“I wish we could all get along like we used to in middle school. I wish I could bake a cake filled with rainbows and smiles and everyone would eat and be happy.” Random girl in ‘Mean Girls’ who “doesn’t even go here!”

College is the time of your life. We’ve all seen the movies that are set on a beautiful college campus. The grass is that perfect shade of green. Students are walking by on the sidewalk with friends, holding a light load of books on their way to class while others are relaxing on blankets in the quad or tossing a frisbee nearby. All smiles, of course. After all, they’re in college.

As a resident director at a university, I meet a lot of incoming freshmen while they are touring dorms with their families. Typically wide-eyed and bushy-tailed with no idea of what’s coming their way.

While the college scenery may look similar to that of the movies, it will rarely be all smiles all the time. I realize that may sound very Debbie-downer. But there is one word that can often completely derail a student’s opportunity to get the most out of their college experience. It’s a word that most people want to avoid, never say, never acknowledge.

Voldemort.

Just kidding. It’s “conflict.”

No one likes conflict right? Can’t we just bake a cake filled with rainbows and smiles and all get along and be happy?

If only it were possible. However, much like Dumbledore encouraged people to use the proper name ‘Voldemort’ so they wouldn’t fear it, talking about conflict in a healthy and honest way can help us not fear it, but see it as an opportunity for growth.

Poor Communication + Assumptions = Conflict

Friends on a park benchLet’s face reality and take a closer look at college. For many, going to college means moving away from home for the first time, new friends, new roommate, new classmates, new church, new job, new gym, new restaurants. The list goes on and on. But there is a common denominator for most of these new things. People.

College will bring lots of new people in your life. It can be tricky learning how to communicate with people and how they communicate with you but this is vital to handling conflict. When people don’t communicate effectively, assumptions step in and communicate for them. Right or wrong. Enter conflict.

It’s safe to say that most of us probably don’t handle conflict in a very healthy manner. Some pretty classic efforts at unhealthy conflict management would be:

  1. Avoidance/Denial – just ignore the problem and it will go away.
  2. Forcing – I will win this argument no matter what.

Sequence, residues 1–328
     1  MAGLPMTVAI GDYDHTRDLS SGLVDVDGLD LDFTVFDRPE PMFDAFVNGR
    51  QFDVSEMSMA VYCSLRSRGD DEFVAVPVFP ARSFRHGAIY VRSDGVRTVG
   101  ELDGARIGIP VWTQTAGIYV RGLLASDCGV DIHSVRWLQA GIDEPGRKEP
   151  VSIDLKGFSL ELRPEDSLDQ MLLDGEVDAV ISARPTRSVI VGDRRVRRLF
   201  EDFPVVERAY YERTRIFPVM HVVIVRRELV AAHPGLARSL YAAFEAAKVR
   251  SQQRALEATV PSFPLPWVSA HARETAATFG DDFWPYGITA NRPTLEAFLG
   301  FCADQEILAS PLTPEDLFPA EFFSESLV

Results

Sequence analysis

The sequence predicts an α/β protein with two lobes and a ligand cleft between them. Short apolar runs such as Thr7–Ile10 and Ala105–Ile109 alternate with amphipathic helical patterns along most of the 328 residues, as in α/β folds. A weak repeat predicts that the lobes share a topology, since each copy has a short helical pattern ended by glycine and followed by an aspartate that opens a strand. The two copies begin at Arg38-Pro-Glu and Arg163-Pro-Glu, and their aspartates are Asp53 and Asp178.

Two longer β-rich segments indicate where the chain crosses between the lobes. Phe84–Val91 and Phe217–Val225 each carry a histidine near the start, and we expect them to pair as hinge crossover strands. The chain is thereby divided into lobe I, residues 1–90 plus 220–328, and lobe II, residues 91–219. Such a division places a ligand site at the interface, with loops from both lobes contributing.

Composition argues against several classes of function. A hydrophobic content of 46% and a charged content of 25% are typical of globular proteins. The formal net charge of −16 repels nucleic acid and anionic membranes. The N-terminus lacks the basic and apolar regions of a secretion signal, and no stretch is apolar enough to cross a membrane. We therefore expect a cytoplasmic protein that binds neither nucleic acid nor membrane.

3. Accommodating/Giving up – I will give in and do whatever it takes to end this conflict.

How we view conflict will generally determine how we handle it. If you feel as though conflict is a ravenous animal trying to devour your every ounce of remaining happiness and sanity, you will likely scratch and claw your way into one of those three unhealthy coping strategies listed above.

However, if you were to view conflict as a hopeful opportunity for growth (as you should), you might choose some of these healthier and more productive ways to process and work through conflict.

Communicate.

First and foremost, be intentional in talking through the issue very carefully and clearly. Be open and honest about your feelings while using “I” statements rather than “you” statements. This tells someone how you are feeling instead of accusing them of something.

For example, “I feel disrespected by you when you leave your dishes in the sink” rather than “You never clean up your messes!” Confront the problem, not the person.

Listen.

Don’t just hear what the other person is saying while you are formulating your perfectly eloquent response. Actively listen. Try to understand what they really mean and feel. Ask them questions that show you are interested and want to understand. This will encourage and validate them, whether you agree with them or not.  Restating their perspective can help clear up miscommunications. Simply displaying a willingness to listen can help alleviate conflict.

Compromise.

Conflict is generally two-sided. Be willing to take responsibility for your own part. This may better enable the other person to accept theirs. Convey the value of the relationship to the other person and try to work towards an agreeable solution.


Conflict is often a result of poor communication and assumptions. An honest conversation and a heart to listen and understand goes a long way in solving so many things.

We won’t always fix everything. Sometimes conflict ends in a handshake rather than a hug, and that’s okay. Conflict is part of life and you should expect it to be part of your college experience. Don’t be shocked. Don’t let it paralyze you in anxiety. Don’t duck and run like so many tend to do. Handling conflict in a healthy manner can help you embrace the opportunities for growth that it can bring. Do the work. It’s well worth it.

At UMHB, we want you to receive an education for life, but also have the experience of a lifetime! For more information, we invite you to visit our website, or stop by for a visit!